According to The Hartman Group, about half of all eating occasions are now categorized as ‘snacking.’ Our 24/7 lives no longer seem to be able to accommodate three square meals. Snacking, which used to be occasional, is replacing meals. Along the way in this transition, the expectation for snacks morphed from fun foods to nutritional foods. And this makes sense, if we’re considering snacks as meals—they should be nutritious and provide energy, etc.
Recently a reporter asked me about trends in bars…it got me thinking about this whole snacking thing, and how bars epitomize the snacking into meal transition. Bars as a category go back to the 1980s, if not earlier, when they were mostly aimed at providing energy and protein to endurance athletes. Frankly they didn’t taste all that great, but that wasn’t really the point. A lot has happened in the category since then. To give a little context—according to the market research organization, Mintel—bar market sales will top $6 billion by 2020.
The market expanded from sports bars to cereal bars to meal replacement and lifestyle ones. For years though, bars were pretty much the same either baked cereal or protein-packed with whey or soy and pressed together with few distinguishable ingredients—lots of carbs and lots of sweeteners. That’s no longer the case. Every day seems to bring a new ingredient, flavor, format or label claim—from crickets to meat and organic, vegan, non-GMO to refrigerated with probiotics and ancient grains. All the same trends seen in the wider food and beverage industry are reflected in the bar segment and that includes simple, recognizable ingredients on the label and in the package—fruit, nuts, seeds, vegetables.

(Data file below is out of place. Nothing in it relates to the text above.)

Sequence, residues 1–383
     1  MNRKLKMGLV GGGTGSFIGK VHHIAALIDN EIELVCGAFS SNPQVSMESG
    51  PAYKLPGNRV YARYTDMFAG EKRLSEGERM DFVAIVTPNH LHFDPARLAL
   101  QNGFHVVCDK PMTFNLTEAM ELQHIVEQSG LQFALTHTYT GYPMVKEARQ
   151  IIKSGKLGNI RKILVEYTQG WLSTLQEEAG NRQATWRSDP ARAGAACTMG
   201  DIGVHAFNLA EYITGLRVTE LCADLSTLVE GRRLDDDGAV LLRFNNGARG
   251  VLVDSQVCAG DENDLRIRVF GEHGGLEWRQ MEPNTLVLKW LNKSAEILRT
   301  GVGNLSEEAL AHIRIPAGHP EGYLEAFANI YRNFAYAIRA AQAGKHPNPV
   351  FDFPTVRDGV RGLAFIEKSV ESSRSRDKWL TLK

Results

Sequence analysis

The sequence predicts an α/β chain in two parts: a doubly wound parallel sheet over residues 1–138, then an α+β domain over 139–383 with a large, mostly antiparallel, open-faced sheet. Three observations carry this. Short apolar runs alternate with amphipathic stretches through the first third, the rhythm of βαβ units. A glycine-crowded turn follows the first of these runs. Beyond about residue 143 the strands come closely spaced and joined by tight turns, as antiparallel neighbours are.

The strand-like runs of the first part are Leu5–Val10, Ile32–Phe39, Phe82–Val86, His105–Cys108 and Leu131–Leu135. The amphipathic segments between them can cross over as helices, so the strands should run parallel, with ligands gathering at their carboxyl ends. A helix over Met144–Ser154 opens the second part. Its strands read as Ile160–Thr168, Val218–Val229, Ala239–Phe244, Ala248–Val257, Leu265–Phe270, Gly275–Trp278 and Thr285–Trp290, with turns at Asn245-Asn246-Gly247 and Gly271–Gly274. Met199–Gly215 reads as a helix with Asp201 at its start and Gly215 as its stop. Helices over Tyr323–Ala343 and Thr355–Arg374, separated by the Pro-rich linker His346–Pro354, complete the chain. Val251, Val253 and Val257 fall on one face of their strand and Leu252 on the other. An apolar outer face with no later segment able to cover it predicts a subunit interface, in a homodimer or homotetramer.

With all this innovation in the sector, Euromonitor International reported, value sales of snack bars increased 5 percent in 2016 and 30 percent between 2011 and 2016. Leading bar segment sales, energy bars and fruit and nut bars had value sales increases of 11 percent and 9 percent, respectively, in 2016.
Consumers’ demand for healthier foods continues to be a key deciding factor when choosing what they eat. Fruit-based products tap into the demand for healthier options that still taste great. Tree Top offers more fruits in more forms than any other supplier on earth. Our expertise in transforming fresh fruits into unique and cost-effective ingredients is what makes Tree Top a leading supplier to the snack industry. In fact, many bars in the market today use dried fruit for water binding, and fruit puree for humectancy. Also under the new FDA labeling guidelines, these types of fruit ingredients - add sweetness, without having to be counted as “added sugar.” Just goes to show—any meal or snack is enhanced by fruit.